This article contains mentions of rape and sexual assault and may be triggering to some readers.
When Georgie Burg was 13, she met Father John Aitchison. Over two years, he would rape her five times – in the church and in her own bedroom.
In 2018, he was sentenced to nine years in prison (with a five year non-parole period) for these crimes.
On 13th August 2018, Georgie stood in the ACT Supreme Court at his sentencing, and read her Victim Impact Statement. These are her words.
I’ve thought a lot about what I’d like to say if I saw today.
Today is as large as the day I married my husband, the days our children were born and potentially, the day I met John Aitchison, who detonated above my family with a force as great as an atomic bomb.
I have always been determined not to live my life as a victim, but as someone who will break the awful patterns of child sexual abuse. Who will always try to love, although I don’t know how to accept that I am loved in return – a fact which weighs heavily on my husband and children.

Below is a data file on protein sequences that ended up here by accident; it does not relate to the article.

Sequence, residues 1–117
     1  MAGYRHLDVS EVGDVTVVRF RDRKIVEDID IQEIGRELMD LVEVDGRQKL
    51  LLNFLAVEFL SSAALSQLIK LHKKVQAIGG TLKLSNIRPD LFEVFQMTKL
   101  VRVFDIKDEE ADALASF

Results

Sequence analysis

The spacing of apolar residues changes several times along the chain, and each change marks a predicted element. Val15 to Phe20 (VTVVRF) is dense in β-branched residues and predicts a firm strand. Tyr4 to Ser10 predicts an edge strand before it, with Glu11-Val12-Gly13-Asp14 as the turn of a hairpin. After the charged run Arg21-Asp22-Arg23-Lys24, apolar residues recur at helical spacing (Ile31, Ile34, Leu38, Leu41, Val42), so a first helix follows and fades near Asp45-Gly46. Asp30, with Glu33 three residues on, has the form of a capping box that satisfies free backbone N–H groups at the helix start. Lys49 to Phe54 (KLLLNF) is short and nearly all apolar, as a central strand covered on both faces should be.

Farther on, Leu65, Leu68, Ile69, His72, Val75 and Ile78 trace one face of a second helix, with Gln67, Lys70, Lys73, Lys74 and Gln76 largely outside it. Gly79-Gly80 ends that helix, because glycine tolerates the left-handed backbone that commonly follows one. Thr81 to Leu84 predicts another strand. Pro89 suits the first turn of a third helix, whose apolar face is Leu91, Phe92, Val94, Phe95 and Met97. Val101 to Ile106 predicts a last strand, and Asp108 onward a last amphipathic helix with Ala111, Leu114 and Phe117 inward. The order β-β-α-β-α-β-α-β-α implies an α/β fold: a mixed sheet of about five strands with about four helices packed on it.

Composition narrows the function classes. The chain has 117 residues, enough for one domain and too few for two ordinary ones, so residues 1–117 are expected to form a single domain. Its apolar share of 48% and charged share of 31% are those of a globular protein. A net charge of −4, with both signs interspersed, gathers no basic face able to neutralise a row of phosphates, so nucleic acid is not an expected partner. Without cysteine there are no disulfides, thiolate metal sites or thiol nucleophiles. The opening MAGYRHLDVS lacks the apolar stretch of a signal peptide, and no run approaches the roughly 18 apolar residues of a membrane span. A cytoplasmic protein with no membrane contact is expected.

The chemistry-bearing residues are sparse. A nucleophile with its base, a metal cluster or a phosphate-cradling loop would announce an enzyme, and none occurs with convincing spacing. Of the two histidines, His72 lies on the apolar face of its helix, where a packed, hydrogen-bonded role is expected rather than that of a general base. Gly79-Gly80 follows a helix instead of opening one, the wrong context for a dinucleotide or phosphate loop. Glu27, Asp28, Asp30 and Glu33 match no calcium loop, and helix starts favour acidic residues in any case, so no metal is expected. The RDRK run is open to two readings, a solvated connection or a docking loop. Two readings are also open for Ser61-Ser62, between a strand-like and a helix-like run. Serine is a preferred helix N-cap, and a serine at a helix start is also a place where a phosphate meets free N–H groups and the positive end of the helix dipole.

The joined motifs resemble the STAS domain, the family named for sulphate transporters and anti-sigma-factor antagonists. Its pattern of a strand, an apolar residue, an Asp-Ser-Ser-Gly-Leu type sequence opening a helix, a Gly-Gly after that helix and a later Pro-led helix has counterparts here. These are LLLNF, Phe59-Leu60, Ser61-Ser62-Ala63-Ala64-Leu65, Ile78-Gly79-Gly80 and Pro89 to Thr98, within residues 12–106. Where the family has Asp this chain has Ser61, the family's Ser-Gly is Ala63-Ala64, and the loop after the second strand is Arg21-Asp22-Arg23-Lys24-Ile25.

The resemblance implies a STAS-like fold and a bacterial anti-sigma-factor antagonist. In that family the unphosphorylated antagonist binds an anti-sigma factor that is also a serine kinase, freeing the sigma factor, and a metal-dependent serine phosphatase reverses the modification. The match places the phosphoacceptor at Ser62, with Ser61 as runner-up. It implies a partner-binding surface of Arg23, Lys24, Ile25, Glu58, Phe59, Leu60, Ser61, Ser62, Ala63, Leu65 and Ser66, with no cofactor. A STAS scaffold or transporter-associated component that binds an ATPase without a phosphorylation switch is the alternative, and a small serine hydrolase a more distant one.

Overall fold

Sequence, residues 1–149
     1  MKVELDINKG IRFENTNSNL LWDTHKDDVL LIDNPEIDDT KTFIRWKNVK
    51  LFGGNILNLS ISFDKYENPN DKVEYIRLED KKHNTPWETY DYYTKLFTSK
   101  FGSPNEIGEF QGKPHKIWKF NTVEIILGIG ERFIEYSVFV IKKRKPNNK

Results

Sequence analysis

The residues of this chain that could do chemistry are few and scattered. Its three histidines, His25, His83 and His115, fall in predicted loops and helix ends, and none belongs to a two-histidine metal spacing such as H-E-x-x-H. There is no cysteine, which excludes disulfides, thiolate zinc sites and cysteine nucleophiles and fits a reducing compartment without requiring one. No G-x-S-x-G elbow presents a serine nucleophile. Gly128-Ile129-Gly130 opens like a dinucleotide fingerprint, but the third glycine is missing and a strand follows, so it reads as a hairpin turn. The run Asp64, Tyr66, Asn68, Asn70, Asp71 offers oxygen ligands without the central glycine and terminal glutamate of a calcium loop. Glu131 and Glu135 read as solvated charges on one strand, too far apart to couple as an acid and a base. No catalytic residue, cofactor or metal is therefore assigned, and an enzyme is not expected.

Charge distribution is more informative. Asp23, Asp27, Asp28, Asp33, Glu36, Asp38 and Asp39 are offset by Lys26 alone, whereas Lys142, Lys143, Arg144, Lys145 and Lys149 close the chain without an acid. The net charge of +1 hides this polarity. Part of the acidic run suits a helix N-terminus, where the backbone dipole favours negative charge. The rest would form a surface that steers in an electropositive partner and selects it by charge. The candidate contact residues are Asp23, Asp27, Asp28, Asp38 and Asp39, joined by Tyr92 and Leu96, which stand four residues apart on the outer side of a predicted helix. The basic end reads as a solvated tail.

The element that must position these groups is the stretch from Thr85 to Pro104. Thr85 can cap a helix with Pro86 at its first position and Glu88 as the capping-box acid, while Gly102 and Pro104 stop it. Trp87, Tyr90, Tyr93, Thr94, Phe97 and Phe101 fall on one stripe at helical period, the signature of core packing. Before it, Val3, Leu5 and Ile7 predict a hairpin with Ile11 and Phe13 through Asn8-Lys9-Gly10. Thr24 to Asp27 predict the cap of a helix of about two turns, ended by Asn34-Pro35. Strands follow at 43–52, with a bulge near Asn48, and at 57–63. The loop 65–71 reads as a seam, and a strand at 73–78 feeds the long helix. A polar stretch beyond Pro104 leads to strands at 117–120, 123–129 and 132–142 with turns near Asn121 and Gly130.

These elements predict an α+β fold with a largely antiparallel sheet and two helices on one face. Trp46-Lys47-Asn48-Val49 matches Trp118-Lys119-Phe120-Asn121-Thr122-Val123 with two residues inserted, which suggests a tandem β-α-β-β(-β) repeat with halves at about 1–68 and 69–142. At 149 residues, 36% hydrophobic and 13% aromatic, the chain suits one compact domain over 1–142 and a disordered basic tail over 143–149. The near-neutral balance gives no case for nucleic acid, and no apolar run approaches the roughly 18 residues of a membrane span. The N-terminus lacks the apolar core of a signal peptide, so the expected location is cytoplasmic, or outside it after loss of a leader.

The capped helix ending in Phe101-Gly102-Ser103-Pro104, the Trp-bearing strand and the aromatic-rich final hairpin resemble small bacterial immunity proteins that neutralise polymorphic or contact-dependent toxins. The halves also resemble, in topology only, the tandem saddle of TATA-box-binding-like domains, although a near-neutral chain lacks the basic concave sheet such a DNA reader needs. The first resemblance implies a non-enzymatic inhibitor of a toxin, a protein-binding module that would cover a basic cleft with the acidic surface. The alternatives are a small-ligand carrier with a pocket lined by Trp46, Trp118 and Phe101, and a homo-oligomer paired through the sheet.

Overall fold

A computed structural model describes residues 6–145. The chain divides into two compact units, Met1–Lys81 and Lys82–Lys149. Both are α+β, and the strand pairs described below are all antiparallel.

You see, when I think about who I am, what I want from my life and the difference I want to leave behind me – I can’t think of a single thing that makes me who I am.
As a girl, that voice was my violin, and my friends were my animals. It is well and good to say that my career was taken from me, and how sad that is. But to characterise it doesn’t respect the depth of what being a violinist meant to me. It wasn’t a hobby. I was a child who lived and breathed music.
It was a comfort, a smokescreen, a disguise and an exposure of the very gifted girl I was. It was my own language spoken with my voice. My interpretation of how I saw the world around me – the way society saw me, heard me, listened to me and celebrated who I was.
John Aitchison took away my music and all the things that gave me comfort, security and happiness.
I don’t remember friends, teachers or any happiness from my teenage years. There is nothing left of that time of my life, because of this former priest, Father John Aitchison. My identity as a girl, my voice as a musician, my ability to forgive myself – he took it all. He rewrote who I was meant to be, he manipulated the weaknesses in my temperament and he amputated my sense of safety. He was effortlessly careless, casual, commanding, authoritarian and coolly arrogant. And more.
I stand before you today and say that measurement of the damage of this has no language to describe it.
I’ve watched my peers, my own children and their friends at the age I was then. I remember I was proud I’d just learned to French braid my hair, I thought wearing odd socks was an act of serious rebellion. And then my safe spaces just disappeared.